University awaits end of campus construction

By Ben Hellwege

In the past few weeks, many parts of the University have been bulldozed, while other buildings remain buried in scaffolding. This is a sign that campus construction and remodeling is now in full swing, in keeping with the campus Master Plan. For the next three or four years, the campus will be transformed as the physical plant of the University is updated and expanded.

Chief among these improvements for students in the College is the completion of Max Palevsky Commons and the opening of the rechristened Bartlett Commons. Currently, only one of three Max Palevsky buildings is open, despite continued construction on the remaining two.

However, residents of Woodward Court should not get too comfortable in their surroundings, as they are scheduled to move into the remaining two Palevsky buildings before the end of the academic year. “The final two buildings of the Max Palevsky Residential Commons are on schedule and will be completed in time for occupancy in January 2002,” said Curt Heuring, University architect. “Palevsky Central is moderately ahead of Palevsky West, but both will be ready when needed by Residence Halls and Commons.”

The new Palevsky dorms will not immediately have the ivy adornment or green quads that the central campus possesses. “The landscape work around these buildings cannot be installed until the early spring because the weather is too cold,” Heuring said. “This portion of the project will be completed as soon as the weather permits and certainly by April 2002.”

And as for the long-suffering residents of outlying dorms who have to trek to Burton-Judson, Pierce or Woodward for food, permanent relief is in sight. “Bartlett Commons is on schedule to be completed in December and ready for use in January 2002,” Heuring said. “There will not be a delay in the opening of Bartlett Commons.”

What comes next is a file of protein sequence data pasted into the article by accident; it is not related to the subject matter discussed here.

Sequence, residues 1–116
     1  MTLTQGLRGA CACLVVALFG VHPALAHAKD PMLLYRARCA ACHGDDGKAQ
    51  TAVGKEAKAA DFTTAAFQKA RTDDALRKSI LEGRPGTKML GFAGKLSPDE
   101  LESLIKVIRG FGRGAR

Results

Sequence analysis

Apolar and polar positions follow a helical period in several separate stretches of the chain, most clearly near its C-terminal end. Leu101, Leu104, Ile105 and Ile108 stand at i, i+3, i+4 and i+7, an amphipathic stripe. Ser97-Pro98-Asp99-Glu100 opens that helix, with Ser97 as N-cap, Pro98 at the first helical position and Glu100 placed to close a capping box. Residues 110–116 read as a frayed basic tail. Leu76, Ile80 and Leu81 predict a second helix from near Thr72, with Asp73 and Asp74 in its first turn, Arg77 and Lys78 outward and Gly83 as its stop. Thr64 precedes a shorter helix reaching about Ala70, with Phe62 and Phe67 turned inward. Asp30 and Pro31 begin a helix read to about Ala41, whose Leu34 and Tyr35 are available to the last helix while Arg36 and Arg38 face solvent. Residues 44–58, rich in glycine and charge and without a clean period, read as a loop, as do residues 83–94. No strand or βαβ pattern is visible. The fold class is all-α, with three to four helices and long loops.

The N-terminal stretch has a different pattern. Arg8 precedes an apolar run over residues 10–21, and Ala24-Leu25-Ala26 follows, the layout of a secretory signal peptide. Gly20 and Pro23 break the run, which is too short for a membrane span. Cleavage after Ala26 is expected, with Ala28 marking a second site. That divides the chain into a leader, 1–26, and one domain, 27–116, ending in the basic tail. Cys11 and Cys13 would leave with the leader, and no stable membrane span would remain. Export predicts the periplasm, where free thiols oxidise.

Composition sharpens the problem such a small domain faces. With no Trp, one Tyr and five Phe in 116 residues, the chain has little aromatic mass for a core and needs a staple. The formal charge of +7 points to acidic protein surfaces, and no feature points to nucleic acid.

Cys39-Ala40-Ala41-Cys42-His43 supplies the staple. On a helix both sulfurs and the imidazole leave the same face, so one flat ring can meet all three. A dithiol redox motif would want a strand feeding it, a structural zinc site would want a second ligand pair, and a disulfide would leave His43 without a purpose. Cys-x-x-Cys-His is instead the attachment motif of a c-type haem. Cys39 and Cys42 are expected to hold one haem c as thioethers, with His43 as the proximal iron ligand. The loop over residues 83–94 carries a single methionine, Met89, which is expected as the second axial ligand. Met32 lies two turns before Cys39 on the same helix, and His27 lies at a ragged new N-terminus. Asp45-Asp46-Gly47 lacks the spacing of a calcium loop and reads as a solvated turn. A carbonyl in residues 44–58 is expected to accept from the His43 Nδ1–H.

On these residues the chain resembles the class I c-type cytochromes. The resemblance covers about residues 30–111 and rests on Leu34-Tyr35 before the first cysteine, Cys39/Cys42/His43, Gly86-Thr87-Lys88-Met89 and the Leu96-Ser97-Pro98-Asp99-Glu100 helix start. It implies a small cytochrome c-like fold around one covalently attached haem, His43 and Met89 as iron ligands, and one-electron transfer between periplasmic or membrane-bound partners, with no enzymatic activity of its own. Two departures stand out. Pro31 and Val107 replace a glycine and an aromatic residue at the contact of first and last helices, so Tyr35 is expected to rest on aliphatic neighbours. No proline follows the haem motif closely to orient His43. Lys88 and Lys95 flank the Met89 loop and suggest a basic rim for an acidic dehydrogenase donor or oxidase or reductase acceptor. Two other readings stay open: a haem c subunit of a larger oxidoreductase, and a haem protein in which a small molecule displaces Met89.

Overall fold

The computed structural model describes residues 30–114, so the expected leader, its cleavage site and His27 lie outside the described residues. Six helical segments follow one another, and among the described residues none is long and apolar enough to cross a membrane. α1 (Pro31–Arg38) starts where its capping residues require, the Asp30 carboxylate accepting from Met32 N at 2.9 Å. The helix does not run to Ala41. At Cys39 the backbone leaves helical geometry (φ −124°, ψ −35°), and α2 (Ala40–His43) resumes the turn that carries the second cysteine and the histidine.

However, some of the other features of Bartlett Commons will not be ready when the dining hall section opens in January. “Several recently initiated projects on the main floor of Bartlett Hall, including the multi-purpose dance space, student lounge, and campus market have not yet begun construction and will lag the completion of the main project by several months,” Heuring said. “This will not impact the main facility, however.”

The University is also continuing its efforts to beautify the main quads, particularly the entrance near the Seminary Co-op. “Facilities Services is implementing a couple of projects on this site. The first is repair and expansion of the steam tunnel and steam lines that run along the eastern edge of the quad,” Heuring said. “This work is necessary to fix some problems and expand capacity in this line to serve the north campus.”

According to Heuring, a second project is also underway near the entrance to the quads. “Currently, there is construction of a new main quadrangle entryway. The design for the entry includes new walkways, light fixtures, perennial gardens, low shrubbery, ornamental flowering trees and large trees selected for their shape and canopy,” Heuring said.

“These elements will be installed soon, and the entire entryway should be complete in the spring of 2002.”

However, students should not start looking for another Cobb gate anytime soon. “A new ‘gate’ in the traditional sense is not being installed,” Heuring said. “Instead, a softer, more permeable landscaped entryway is being created.”

And although the University is not going to make the winter walk to classes any warmer, it is working to make parts of campus more comfortable when summer descends on Chicago.

“There are repairs being made to the extensive steam tunnel system, and there is a chiller line being installed between Regenstein Library and the north quad,” Heuring said.

“The chiller line carries chilled water, which will be used to air condition some of the space in Culver, Zoology, and Anatomy labs. No new tunnels are being built as part of this project.”